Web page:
Why Square wound up pricing its IPO so low

Jack Dorsey founder and CEO of Square.

There was a lot of hand-wringing on Wednesday night when digital payments startup Square set its initial public offering price at $US9 per share.

The price was drastically lower than the $US11-13 range Square had initially set. That, in turn, was well below than the $US15.46-per-share price at which it sold stock in its last private funding round.

The IPO price gave the company a market cap of $US2.9 billion at the time of IPO — less than half of the $US6 billion private valuation it had in its last round of funding.

In the end, the stock ended up surging by as much as 60% on Thursday, closing up about 45% at $US13.07. As Bloomberg View’s Matt Levine points out, all of Square’s shareholders made money. That includes the investors in the very last round.

But, while things look good now, there’s no mistaking that Square’s IPO came perilously close to falling flat. Square did not return messages seeking comment in time for publication.

Business Insider tried to find out how Square’s price came to be cut by so much. This is what we found out.

Markets, markets, markets

One person familiar with the matter told us that the pricing of the IPO at $US9, below the $US11-13 range, had nothing to do with the dual role of Square CEO Jack Dorsey. Dorsey is also the CEO of Twitter.

Dorsey himself echoed that sentiment in an interview with BuzzFeed on Thursday, where he said that his double role was not at the forefront of investors’ minds, but rather something that occasionally came up as investors were walking out of a meeting.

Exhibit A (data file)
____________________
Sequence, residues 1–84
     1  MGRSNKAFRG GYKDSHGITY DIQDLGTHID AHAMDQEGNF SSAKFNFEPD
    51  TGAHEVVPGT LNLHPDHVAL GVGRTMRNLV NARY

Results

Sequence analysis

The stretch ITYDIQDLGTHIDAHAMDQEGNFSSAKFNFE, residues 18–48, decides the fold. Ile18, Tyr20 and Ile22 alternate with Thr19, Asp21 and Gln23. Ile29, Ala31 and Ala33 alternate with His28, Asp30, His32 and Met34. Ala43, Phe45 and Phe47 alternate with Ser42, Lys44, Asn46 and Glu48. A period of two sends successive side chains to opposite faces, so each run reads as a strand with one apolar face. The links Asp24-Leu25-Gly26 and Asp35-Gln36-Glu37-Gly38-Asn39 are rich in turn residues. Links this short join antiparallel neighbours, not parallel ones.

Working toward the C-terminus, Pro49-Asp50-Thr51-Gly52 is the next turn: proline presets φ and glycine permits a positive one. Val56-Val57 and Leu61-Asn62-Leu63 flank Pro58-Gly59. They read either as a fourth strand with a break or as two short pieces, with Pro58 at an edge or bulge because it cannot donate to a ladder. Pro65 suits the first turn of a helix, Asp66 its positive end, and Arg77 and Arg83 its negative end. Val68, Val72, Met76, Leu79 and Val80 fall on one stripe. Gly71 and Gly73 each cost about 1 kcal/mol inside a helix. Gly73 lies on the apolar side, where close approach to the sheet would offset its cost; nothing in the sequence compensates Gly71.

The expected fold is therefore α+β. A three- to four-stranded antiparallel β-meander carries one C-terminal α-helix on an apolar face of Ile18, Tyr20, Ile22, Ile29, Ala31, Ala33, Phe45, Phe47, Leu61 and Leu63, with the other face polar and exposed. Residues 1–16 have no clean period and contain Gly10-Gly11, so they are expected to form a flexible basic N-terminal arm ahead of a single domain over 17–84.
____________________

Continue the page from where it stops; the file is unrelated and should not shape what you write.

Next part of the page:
This person instead put the pricing below range down to market conditions, which is a finance world way of saying that investors were concerned about the broader market, and demanded a lower valuation.

Square filed its S1 filing on October 14, and while the stock market volatility of August has dampened down, there has been plenty of debate over public market and private market valuations. That was added to earlier this month when Fidelity wrote down the value of its stake in Snapchat

The CBOE Volatility Index, known as VIX, has also had a bumpy 10 days, hitting a high of 20.6 on Friday 13 November. Equity deals getting progressively harder as the VIX, which gauges expectations of volatility, gets higher.

Square isn’t the only company to have been caught out. Tinder-owned Match also priced on Wednesday night at the bottom of its range, as did email security firmMimecast. Last week, Loan Depot pulled its own initial public offering citing “market conditions”.

Pros and cons

Square then faced a decision over whether to push ahead at a lower valuation, or postpone the deal.

Companies are never happy when their companies price lower than the initial range. That was true of Square’s management too, according to the person we spoke to.

But they recognised the unfavorable market conditions and accepted them.

The person said that Square had to weigh the benefits of pulling out of the deal against the six months of work they put in and the opportunity to get into the public markets and have an “incredible” shareholder base.

It was a hard decision for management, the person said, but importantly, they were only selling about 7% of the company in the IPO. They might have made a different decision if they were selling 40% or 50% of the company.

Dorsey was asked this morning on CNBC whether he agreed with a Fred Wilson blog which said that sometimes “you just need to get the deal done”.

He said: “He’s absolutely right. It’s all about getting the business and accelerating the business and that’s what we cam here to do today and we did it.”

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